On their website, Diabetes UK counsels “there is no such thing as a ‘diabetic diet’ or food plan” (Check diabetes risk, Letters, May 31). This is broadly true as we all have individual tastes in food. However, sugar is one substance that is added to almost every manufactured food product, from bread to preserved meat to sauces and dressings. Unlike normal food, which must be digested to release its potential energy, sugar contains nothing of nutritional value; it is manufactured, refined and added to food because it is tasty and a source of instant energy. Absorbed initially in the mouth, sugar is also attractive to the gut biome, part of our immune system, without which we could not digest normal food. Indeed, the biome - bacteria, viruses, yeasts and fungi that populate the gut - can alter its balance to favour organisms that love sugar. People who say they have a ‘sweet tooth’ are admitting that they have permitted their population of gut-organisms to shift over to those that are sugar-dependent. But eliminating sugar can shift the balance back. Unfortunately, antibiotics kill protective gut-bacteria as well as infectious ones. Over-prescription of antibiotics impairs digestion, creates sugar-dependency and reduces immunity to further infection. Sugar - unlike fat and salt - is addictive. It has been found to be more addictive than cocaine. Adding sugar to food simply bypasses the body’s sophisticated digestive processes and compromises efficiency.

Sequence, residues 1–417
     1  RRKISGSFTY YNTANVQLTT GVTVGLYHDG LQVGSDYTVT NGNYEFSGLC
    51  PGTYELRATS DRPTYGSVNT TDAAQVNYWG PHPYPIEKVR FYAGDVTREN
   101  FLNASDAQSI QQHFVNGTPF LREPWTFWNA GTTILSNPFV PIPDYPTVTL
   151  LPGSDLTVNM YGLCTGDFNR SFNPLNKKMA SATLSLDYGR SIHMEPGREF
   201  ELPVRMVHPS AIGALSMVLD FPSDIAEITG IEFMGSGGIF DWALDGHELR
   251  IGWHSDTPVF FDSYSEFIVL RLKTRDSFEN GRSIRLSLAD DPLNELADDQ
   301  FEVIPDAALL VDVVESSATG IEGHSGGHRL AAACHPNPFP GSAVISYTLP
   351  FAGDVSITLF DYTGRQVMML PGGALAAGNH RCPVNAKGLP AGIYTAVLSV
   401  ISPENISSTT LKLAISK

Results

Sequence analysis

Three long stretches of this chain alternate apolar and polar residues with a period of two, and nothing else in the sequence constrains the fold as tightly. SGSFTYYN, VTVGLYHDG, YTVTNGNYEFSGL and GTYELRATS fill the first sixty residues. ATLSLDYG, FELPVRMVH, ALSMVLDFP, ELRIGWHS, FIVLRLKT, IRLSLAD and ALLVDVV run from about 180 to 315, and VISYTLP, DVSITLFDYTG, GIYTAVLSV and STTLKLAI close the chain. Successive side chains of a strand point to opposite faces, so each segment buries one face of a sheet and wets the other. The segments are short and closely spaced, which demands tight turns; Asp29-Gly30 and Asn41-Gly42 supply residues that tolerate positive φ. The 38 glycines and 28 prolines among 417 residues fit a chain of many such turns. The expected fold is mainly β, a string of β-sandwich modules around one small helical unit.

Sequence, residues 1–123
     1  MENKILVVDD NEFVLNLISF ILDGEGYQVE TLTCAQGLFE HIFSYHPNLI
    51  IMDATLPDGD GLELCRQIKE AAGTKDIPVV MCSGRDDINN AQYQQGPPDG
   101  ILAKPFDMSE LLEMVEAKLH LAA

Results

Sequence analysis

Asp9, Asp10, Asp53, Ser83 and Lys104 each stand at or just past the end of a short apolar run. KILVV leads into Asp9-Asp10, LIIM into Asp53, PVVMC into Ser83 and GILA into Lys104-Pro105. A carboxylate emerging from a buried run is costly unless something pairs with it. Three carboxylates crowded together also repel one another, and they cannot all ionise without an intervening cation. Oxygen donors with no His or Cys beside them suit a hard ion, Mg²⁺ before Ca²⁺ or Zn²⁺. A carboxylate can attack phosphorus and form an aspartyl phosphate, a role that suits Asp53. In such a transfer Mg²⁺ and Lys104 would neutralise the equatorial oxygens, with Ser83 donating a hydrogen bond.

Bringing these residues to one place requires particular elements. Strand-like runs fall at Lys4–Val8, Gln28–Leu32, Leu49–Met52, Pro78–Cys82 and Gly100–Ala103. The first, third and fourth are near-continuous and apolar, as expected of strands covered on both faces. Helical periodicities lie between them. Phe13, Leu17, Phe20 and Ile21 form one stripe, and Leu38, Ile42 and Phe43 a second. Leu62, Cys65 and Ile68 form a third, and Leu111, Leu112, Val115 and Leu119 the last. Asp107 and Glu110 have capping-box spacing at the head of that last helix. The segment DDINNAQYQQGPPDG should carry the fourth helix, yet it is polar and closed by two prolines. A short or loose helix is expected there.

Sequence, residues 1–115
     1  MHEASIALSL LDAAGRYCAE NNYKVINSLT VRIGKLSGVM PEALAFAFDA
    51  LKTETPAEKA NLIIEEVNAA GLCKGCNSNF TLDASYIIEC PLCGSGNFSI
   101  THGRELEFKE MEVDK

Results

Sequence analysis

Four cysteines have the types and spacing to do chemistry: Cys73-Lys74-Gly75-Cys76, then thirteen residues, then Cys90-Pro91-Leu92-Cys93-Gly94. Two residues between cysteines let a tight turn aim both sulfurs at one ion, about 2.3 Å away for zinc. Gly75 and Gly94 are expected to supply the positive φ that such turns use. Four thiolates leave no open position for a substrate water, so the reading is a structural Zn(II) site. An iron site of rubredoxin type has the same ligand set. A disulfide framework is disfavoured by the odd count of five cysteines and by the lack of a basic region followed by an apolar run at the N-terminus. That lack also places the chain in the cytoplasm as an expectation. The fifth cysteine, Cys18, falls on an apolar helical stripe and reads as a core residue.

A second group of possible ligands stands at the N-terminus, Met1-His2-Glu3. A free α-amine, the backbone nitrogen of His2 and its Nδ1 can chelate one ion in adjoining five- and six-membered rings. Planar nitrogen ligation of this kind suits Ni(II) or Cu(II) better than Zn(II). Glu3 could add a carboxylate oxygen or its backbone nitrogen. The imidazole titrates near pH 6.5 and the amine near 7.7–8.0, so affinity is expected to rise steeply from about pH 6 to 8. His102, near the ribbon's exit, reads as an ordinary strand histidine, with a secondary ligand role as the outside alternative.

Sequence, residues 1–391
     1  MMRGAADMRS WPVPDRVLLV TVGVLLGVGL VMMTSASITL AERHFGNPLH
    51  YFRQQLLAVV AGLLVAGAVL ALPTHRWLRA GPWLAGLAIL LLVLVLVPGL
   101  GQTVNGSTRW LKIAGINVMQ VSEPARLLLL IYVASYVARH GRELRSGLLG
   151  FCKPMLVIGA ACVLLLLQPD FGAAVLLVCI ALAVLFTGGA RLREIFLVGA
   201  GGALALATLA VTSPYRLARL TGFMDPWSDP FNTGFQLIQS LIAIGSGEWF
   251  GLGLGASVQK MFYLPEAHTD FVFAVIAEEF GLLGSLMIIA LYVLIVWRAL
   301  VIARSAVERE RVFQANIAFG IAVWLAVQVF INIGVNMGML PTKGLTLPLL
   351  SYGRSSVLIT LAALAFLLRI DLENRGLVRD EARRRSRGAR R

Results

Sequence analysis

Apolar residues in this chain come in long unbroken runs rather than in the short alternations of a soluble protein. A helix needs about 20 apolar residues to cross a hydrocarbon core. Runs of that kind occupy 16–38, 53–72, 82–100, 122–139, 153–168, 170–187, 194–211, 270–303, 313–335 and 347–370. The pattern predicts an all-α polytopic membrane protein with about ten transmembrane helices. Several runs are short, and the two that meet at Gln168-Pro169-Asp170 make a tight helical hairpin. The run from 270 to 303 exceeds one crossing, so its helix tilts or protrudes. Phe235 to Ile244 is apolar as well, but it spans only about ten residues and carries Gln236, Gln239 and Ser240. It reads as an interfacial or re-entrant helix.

The medical profession, nutritionists, government, the food industry, and the media are still actively promoting the outdated, scientifically disproven idea that all calories are created equal. The well-worn notion that as long as you burn more calories than you consume you will lose weight is simply wrong. The calories in refined carbohydrate foods like sugar, instantly available as energy, lead to blood-sugar and insulin spikes. Complex foods of equal calorific value require slow and thorough digestion and encourage the spread of a wide variety of gut organisms. Ancel Keys was the American physiologist who hypothesised that dietary saturated fat causes cardiovascular heart disease and should be avoided. As a result, in 1956, the American government and the American Heart Association claimed that a diet which included large amounts of butter, lard, eggs and beef would lead to coronary heart disease. Keys’ work prompted an explosion in the high-sugar, refined-carbohydrate, cereals industry. Ever since, despite evidence to the contrary, fat has been linked causally to the diseases of modern life while sugar has become a cultural staple. In 1972, John Yudkin published, ‘Pure, White and Deadly’ to summarise the evidence that over-consumption of sugar was leading to a greatly increased incidence of coronary thrombosis, stroke, dental caries, obesity, diabetes, liver disease and possibly also gout, dyspepsia and some cancers.

Government subsidies for the farming of sugar beet have made sugar cheap and ubiquitous. When governments see themselves as utopians with the authority to dictate to the medical profession, pharmaceutical industries, food manufacturers and farmers, they create a dependent client-state, punish innovators and betray the citizens who elect them.

I would like to offer a £1,000 prize to an inventor who can design a device that can ‘read’ the ingredients off manufactured food labels, identify added sugars and beep or flash a light if there aren’t any. It cannot be an ‘app’. It must be a ‘probe’ that can easily riffle through packaging. It is surprising to find so-called healthy/organic products, including those that claim to help weight reduction, to be high in sugars. Suggestions can be forwarded to me through this newspaper.

Prof. Christine Wheeler McNulty

Oxhey Hall, Oxhey